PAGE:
Why do my breasts hurt?
If you no longer experience engorgement and continue to have breast pain, you may require a treatment plan or medical intervention. Breast pain can come in many forms, shapes and sizes. We’ve laid out some different scenarios that could be causing your pain. If any one of these apply to you, see our suggested treatment plans listed below:
Plugged ducts are hard, tender area(s) within the breast. They feel like a knot or small ball (pea or grape size) within the tissue.
A bleb is a small white pimple or blister on the nipple caused by milk residue trapped inside the duct or between the alveoli and the nipple pore. Blebs can cause pain and should be removed when found.
Nipple Soreness and Treatment
You will encounter nipple soreness at some point in your breastfeeding adventure. That point just might be now. If so, never forget: Position, position, position. It really is the key to success and pain-free latch on.
Sometimes, breasts can become so irritated or rubbed raw that you may have cracks, wounds or even bleeding.
One of the most common reasons for ongoing nipple trauma and pain is due to the frequency and duration that the breast pump is used. The size, and often the type of breast shield can cause irritation and tearing of skin while the pump is moving the nipple and areola in and out of the shield.
Milk Ejection Pain (Letdown Pain)
Some moms find it painful when milk is released from the alveoli (milk making glands). There are many different ways this discomfort is described including:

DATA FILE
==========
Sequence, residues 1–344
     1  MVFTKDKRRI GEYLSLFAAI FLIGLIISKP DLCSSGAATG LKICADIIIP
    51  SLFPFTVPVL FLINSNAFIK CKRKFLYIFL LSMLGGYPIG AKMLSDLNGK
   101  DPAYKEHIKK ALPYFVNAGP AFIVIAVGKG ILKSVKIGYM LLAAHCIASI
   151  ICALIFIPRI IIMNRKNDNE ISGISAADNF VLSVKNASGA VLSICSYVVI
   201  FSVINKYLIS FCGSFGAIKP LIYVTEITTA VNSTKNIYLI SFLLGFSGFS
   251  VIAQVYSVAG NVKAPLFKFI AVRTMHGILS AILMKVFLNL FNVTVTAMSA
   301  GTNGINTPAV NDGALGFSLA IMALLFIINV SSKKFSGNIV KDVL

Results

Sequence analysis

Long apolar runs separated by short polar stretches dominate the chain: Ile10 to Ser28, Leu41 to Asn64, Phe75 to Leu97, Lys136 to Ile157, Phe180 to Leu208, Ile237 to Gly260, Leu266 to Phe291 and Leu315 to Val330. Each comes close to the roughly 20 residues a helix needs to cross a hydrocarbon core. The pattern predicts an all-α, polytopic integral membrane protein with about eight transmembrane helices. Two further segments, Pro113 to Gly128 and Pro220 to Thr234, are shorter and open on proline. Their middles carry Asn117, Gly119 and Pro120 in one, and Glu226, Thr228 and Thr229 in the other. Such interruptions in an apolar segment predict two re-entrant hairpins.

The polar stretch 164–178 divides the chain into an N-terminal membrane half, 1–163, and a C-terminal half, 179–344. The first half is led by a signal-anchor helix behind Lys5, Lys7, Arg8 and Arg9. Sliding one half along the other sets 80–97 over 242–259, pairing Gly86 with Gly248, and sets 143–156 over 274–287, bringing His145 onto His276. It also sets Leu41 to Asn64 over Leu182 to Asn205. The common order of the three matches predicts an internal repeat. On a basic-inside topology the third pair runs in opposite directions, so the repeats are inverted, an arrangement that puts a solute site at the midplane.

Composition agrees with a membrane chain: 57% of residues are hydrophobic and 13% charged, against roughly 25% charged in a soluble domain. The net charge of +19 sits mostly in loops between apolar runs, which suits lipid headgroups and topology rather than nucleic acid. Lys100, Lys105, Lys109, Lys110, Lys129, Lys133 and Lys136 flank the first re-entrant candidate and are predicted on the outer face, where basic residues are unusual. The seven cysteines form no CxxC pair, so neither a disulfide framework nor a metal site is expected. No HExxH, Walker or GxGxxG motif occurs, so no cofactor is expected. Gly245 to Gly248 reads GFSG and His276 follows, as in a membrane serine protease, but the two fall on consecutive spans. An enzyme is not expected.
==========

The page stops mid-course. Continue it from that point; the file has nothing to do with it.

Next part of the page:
- Pins and needles
- Dull throbbing
- Sharp shooting or stabbing pain
Any of these sensations can be normal and generally will resolve within 5-10 minutes after milk production begins.
Some moms describe a deep ache or dull throbbing pain after they complete a feeding. This feeling can start 10-20 minutes after the feeding is over and usually lasts 10 minutes or less. The ache is from the filling up of the alveoli with blood and lymph fluid in preparation for the next feeding.
Moms need to know that the refill pain sensation will get less intense after 4-6 weeks, and if it doesn’t resolve, a call to the lactation consultant may help provide extra support and other ideas for treatment.
In some women, nipple pain is not caused by trauma, cracked or bleeding nipples, but rather by a fungal infection of the nipple and areola called thrush, or Candida albicans. This form of fungus is primarily found in the oral and gastrointestinal tracts, as well as the genital area. It can be passed from the mother to the infant and even back to the mother in some cases. Mothers who have been on certain medications can develop a mild yeast infection which may affect the nipple area since yeast tends to grow where it is warm, dark and damp, like the inside of your nursing bra.
If you feel you are experiencing a yeast infection, please call your primary health care provider or lactation consultant.
If you have a breast infection, you’ll need to call your primary care physician and talk with them regarding your options to begin the recovery process. Although some doctors may suggest an antibiotic, other physicians will allow you to drink plenty of fluids and nurse, pump and try to clear the infection more naturally depending on how severe your symptoms are.
Is breast or nipple pain making nursing difficult for you? Send us a message and one of the healthcare professionals on our team can troubleshoot ways to make you more comfortable while breastfeeding.